The boy was advised in his own interest to vanish while the Corper was spirited away to the Area 3 Task Force Environmental Centre to be bailed.  All of this, the media cannot do. What a journalist can do is to thankfully accept a voluntarily given ‘brown envelope’ for which the profession has been under fire.

Journalists who accept the brown envelope are publicly denounced as corrupt while the public says nothing about the giver. Since the taker made no demand, it is unfair for the giver who initiated the transaction to complain thereafter. What’s more, there is evidence in the public domain that our media have been fighting against gratification for long.

This is what one of Nigeria’s leading newspapers underscores with its daily publication of a-five point statement titled ‘Code of Ethics’. According to the paper: “We, Punch Nigeria Limited, do not demand or accept gifts or gratification to publish stories, articles and photographs, neither do our journalists; therefore, we implore you not to offer any to our journalists and to please contact us if any of our journalists demands for that”.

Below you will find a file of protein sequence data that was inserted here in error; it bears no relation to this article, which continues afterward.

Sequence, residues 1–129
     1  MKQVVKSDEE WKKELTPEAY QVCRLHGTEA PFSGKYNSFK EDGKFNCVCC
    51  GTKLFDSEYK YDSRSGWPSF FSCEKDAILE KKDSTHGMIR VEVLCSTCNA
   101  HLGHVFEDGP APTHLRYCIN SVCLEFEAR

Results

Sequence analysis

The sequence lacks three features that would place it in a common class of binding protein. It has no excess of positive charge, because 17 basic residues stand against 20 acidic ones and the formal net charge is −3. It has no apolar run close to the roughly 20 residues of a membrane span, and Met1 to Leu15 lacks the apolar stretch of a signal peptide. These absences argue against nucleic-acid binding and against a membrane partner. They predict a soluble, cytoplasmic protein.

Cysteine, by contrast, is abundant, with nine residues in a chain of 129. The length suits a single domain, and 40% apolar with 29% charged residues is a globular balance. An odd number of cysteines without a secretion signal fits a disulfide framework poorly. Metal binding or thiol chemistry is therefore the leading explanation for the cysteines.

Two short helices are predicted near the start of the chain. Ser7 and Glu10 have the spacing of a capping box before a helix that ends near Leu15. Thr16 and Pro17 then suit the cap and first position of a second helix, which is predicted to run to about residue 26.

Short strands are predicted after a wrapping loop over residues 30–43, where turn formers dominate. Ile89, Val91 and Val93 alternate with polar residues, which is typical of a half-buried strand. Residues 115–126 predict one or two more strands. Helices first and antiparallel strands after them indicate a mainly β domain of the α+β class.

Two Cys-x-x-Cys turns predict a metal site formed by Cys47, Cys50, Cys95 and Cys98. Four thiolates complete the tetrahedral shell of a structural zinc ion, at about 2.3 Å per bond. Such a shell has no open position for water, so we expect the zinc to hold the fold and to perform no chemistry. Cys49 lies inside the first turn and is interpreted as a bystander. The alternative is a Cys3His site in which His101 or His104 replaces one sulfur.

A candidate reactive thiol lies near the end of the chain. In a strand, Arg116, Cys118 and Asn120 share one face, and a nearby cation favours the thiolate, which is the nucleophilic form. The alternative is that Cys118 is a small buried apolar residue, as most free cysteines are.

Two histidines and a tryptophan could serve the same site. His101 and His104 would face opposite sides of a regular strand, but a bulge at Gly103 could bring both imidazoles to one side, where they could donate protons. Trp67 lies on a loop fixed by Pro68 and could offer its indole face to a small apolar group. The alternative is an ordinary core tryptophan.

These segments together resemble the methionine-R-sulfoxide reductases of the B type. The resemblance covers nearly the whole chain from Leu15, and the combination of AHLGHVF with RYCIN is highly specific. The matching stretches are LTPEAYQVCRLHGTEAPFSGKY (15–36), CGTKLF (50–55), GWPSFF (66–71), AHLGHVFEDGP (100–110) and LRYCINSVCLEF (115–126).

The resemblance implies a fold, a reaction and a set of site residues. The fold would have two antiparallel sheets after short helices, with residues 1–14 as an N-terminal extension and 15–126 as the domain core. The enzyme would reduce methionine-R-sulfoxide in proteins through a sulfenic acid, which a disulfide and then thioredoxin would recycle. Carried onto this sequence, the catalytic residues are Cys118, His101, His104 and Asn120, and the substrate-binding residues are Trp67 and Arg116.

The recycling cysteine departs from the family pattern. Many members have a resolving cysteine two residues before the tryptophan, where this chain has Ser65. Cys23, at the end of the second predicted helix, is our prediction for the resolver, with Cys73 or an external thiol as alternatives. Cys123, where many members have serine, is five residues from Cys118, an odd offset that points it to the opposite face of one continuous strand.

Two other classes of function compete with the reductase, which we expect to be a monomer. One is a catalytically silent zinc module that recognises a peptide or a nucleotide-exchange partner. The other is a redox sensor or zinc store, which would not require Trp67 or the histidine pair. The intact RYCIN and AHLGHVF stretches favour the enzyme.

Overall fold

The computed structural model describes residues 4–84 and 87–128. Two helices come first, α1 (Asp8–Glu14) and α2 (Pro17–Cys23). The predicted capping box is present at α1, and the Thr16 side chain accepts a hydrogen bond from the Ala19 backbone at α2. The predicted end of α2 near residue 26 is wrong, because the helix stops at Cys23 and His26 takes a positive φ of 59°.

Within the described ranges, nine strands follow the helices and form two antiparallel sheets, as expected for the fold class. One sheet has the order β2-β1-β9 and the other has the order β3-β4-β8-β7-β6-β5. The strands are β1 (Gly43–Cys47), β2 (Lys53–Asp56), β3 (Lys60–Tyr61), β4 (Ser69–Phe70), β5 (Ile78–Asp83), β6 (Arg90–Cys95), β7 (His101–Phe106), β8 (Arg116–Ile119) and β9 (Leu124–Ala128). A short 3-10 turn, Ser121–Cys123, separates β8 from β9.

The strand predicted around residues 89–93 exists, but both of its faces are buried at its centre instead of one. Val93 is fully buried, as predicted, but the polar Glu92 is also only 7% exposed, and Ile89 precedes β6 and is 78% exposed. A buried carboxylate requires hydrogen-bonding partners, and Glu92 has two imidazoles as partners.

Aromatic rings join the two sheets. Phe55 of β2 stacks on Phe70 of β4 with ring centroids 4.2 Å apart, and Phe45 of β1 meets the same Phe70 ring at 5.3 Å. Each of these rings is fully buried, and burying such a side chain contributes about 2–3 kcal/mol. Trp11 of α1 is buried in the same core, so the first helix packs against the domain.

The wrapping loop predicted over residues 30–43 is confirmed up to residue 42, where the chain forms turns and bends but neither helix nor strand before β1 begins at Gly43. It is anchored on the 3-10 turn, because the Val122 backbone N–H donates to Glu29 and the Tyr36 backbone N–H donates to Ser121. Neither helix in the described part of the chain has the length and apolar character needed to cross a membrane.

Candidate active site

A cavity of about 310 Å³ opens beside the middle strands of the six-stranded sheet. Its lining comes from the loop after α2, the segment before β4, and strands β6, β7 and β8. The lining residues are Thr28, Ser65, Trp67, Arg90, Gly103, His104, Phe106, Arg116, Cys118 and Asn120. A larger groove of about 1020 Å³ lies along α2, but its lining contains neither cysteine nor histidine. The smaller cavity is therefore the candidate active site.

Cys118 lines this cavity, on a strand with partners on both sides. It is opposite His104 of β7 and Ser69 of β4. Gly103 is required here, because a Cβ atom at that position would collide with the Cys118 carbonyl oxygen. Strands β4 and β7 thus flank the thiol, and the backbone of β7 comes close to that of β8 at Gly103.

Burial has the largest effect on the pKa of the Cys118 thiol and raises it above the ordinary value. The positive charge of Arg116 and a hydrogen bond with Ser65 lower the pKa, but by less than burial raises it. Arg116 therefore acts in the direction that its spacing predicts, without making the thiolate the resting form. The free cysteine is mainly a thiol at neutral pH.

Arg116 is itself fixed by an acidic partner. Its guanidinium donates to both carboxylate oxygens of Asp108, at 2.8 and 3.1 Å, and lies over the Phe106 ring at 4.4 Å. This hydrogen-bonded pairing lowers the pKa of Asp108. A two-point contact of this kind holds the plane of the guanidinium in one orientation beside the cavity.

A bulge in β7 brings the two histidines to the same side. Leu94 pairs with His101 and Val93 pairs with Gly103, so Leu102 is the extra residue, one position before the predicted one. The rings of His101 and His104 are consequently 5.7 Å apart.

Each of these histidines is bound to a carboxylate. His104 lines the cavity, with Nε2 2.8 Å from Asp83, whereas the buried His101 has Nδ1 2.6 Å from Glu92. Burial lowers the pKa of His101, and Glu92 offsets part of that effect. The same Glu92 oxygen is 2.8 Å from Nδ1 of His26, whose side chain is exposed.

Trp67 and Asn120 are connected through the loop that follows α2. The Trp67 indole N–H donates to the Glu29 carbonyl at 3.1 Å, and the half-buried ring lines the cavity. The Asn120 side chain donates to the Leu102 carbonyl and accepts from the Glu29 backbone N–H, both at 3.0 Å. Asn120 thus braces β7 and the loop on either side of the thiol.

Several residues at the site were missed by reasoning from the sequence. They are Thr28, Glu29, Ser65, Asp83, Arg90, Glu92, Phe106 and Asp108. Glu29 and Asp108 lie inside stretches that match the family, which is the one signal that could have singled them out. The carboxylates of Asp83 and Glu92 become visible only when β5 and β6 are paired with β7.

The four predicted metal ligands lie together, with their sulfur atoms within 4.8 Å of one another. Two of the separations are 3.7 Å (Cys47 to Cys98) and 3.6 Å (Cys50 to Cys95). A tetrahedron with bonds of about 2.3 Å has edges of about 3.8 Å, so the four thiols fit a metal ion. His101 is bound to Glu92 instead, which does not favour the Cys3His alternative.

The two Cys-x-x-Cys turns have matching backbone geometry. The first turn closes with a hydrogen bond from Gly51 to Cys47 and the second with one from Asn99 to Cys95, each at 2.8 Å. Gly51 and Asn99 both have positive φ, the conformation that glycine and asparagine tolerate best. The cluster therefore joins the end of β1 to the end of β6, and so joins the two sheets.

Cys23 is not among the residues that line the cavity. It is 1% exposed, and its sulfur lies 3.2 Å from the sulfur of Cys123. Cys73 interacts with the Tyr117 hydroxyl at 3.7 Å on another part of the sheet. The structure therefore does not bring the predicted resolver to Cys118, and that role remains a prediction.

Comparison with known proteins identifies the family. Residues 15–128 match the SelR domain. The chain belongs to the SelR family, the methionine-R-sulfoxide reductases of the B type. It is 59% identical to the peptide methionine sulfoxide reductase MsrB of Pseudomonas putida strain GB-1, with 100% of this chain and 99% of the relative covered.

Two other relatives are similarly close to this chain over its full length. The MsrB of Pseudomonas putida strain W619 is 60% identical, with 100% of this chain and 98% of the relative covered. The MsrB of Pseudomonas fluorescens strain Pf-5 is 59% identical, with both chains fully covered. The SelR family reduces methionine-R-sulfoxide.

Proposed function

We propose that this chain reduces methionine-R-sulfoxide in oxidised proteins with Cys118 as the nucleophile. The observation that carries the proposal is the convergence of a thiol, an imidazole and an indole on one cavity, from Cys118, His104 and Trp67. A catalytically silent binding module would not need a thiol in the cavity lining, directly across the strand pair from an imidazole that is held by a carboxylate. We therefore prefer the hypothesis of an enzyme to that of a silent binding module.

Well, for me, I will like to be a journalist again in the next world but with a different mission statement.  Anyone who offers me brown envelope will have to explain what it is for and if it is in dollars-the currency of party primaries- we will count its content together to ascertain that it is worthy of its purpose and that it befits my status. If not, I will accept no envelope but naira in ‘Ghana must go’ bags as is done for lobbying in the legislature.

Finally, I will not allow anyone to describe the gift as gratification because even in America-the civilised world- it is regarded as ‘tip’. So, what is wrong with brown envelope?